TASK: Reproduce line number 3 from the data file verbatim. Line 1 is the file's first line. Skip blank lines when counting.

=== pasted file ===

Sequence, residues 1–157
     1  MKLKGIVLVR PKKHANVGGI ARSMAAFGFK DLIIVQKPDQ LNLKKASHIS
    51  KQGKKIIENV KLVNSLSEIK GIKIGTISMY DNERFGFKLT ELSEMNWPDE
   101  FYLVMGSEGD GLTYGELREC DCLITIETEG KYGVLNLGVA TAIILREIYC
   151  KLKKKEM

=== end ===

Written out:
    51  KQGKKIIENV KLVNSLSEIK GIKIGTISMY DNERFGFKLT ELSEMNWPDE